The symbiosis between art and science is a primary element of Kazuhiko Hachiya’s work. Visual and tactile experiences are sources of inspiration. He obtained his degree at the Kyushu Institute of Design, Japan (1989). In 1995 he won the Japan Art Scholarship’s Grand Prix. A year later he created PostPet a small digital creature that lives in the computer, despatching and delivering electronic mail. In addition to these functions, PostPet is programmed to interact with the user. This work won a prize in the Net category at the Ars Electronica festival in Linz, Austria (1998).
Geoffrey Bell is a new media designer who specializes in Interactivity and electronic media. With 8 years experience both as a teacher and a working professional, Geoffrey has exhibited his work both nationally and internationally. After graduating from The University of Michigan in 1999, Geoffrey has worked for a numerous array of companies and clients in New York City, including MTV Interactive, Penguin Putnam Publishing, internationally renound cartoonist Ted Rall and many other small design shops. In 2000, Geoffrey help jumpstart the multimedia production company, Cosmosis Productions and art directed a team of 20 designers to develop and design the mulitmedia projections for an off-Broadway musical called Fortune Cookie Dreams. Along with his multifaceted design background, Geoffrey has played a significant role as an academic, both publishing papers and conducting research surrounding his many interests in design.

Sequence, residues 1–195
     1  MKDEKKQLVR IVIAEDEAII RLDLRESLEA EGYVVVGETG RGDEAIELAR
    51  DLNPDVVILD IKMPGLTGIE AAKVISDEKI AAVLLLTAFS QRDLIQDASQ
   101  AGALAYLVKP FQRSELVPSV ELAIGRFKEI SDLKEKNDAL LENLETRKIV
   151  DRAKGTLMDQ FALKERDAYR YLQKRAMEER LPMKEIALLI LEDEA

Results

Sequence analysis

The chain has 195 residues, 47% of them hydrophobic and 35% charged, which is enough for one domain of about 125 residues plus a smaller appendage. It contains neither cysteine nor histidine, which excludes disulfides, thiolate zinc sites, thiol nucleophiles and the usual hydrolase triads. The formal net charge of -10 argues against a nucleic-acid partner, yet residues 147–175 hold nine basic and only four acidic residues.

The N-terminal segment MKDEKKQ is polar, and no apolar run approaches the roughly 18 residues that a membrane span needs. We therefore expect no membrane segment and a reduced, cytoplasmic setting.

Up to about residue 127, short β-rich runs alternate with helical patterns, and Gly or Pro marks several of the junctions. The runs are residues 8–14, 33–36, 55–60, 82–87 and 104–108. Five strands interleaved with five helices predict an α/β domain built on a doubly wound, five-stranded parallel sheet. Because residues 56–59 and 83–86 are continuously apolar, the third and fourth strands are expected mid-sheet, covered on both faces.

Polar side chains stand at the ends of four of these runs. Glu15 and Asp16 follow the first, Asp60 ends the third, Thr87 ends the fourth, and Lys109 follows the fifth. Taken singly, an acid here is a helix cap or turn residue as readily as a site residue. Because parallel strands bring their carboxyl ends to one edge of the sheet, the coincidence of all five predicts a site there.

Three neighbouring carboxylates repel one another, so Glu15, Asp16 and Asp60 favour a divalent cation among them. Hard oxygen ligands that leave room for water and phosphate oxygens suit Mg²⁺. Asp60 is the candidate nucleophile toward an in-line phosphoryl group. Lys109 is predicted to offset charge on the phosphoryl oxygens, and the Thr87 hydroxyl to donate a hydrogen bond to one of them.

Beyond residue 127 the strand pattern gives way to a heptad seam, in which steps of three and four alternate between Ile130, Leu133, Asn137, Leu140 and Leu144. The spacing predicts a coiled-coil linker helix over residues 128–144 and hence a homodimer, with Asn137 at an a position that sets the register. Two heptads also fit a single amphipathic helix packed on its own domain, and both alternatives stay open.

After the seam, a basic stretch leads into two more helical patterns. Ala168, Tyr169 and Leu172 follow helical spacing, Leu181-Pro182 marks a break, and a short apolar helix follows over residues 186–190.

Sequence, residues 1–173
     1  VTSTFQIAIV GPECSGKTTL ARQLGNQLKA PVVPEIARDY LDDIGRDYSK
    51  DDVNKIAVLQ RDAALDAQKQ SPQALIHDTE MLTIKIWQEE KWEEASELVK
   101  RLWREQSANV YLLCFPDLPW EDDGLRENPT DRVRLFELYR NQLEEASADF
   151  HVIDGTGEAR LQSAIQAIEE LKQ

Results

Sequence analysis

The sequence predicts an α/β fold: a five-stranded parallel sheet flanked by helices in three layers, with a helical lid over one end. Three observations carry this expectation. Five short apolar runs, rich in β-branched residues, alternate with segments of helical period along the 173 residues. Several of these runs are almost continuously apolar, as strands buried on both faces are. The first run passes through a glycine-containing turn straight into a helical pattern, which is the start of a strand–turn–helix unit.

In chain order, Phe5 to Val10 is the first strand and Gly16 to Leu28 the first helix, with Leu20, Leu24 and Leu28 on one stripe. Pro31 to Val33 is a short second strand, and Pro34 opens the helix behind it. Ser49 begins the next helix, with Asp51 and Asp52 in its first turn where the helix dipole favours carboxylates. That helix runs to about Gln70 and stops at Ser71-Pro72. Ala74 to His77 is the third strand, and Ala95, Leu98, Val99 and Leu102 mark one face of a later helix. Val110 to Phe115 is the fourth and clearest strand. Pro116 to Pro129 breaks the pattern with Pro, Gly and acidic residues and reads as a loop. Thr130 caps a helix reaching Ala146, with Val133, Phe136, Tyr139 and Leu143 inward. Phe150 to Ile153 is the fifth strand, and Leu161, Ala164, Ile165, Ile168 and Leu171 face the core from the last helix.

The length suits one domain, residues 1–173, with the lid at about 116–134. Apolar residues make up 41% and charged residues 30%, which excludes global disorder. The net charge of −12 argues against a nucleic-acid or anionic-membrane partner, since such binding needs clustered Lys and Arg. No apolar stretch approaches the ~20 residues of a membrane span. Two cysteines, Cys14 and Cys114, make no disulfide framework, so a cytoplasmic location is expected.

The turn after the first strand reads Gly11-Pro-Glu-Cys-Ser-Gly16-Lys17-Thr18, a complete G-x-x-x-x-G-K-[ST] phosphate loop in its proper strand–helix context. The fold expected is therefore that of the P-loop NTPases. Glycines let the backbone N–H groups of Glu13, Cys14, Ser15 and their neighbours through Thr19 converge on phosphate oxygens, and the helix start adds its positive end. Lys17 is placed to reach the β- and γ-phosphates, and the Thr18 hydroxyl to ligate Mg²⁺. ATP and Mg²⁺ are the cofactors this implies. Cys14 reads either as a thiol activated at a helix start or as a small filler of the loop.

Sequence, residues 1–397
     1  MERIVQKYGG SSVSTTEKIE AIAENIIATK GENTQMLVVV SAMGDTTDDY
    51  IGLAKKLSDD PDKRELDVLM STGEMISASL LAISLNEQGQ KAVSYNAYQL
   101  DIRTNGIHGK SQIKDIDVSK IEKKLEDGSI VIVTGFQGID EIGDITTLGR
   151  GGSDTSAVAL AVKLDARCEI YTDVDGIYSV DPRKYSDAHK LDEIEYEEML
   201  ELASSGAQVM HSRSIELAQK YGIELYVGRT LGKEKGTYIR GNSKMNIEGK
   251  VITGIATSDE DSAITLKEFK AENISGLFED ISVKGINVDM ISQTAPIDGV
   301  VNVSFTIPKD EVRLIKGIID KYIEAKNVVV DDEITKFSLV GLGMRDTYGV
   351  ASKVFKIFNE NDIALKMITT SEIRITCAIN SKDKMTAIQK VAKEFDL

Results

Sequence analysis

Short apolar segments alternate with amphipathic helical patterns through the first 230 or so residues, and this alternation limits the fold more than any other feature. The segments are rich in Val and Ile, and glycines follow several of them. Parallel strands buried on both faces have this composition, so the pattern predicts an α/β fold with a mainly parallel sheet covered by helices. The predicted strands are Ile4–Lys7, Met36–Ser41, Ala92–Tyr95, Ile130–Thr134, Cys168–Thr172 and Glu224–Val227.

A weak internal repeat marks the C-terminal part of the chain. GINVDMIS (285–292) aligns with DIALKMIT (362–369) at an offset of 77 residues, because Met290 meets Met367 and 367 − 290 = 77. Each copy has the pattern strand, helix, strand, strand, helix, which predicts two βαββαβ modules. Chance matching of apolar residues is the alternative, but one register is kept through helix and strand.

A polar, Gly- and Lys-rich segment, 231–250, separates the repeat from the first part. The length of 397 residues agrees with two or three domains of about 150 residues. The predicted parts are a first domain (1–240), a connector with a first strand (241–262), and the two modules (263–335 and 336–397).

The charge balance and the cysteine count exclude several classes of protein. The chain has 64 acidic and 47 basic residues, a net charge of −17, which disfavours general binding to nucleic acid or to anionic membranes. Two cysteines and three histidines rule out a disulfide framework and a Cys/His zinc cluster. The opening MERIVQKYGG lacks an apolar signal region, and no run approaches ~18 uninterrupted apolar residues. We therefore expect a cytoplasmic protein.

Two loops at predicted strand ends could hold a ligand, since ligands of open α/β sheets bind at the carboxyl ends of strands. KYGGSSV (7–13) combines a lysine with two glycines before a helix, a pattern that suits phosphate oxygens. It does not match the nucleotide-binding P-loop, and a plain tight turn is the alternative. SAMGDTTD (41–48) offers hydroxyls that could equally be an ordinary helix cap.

Marta Lwin is an artist, technologist, researcher and has recently completed her masters at the Interactive Telecommunications Program at NYU. Marta has a background is both in art and activism. She has worked as an activist in the early to late 90's, with Greenpeace, UNEP, Women's Environmental Network and Reclaim the Streets (UK). After joining a loose network of artists at Backspace in London she became interested in the creative use of technology as it relates to biology. Currently, her work focuses on the intersection of art, technology and include projects that critically challenge and subvert accepted perceptions of the relationship between nature and technology. She has recently been awarded a Turbulence Art Commission, with the support of the Jerome Foundation. Her work has been shown at galleries in Europe and New York.
Alvin Sonic Incubator The Alvin Sonic Incubator is a sound sculpture, composed of Plexiglas, speakers, audio electronics, wire, and metal filings. It is a crude neural network in which 8 sound sources build electrical connections to each other, creating a soundscape that evolves independent of human manipulation or computer control.
Immersive Interactive Multisensory Cinema Capture and Playback system studies novel aesthetic, expressive and narrative possibilities enabled by creative misuses of hardware and software technologies and computer vision methods. The project utilizes appropriated, hacked and modified hardware, microcontrollers, multiple 3d and video softwares using a custom workflow, and a minimalist viewing furniture based on a customized version of finnish industrial designer Esa Vesmanen's lounger design.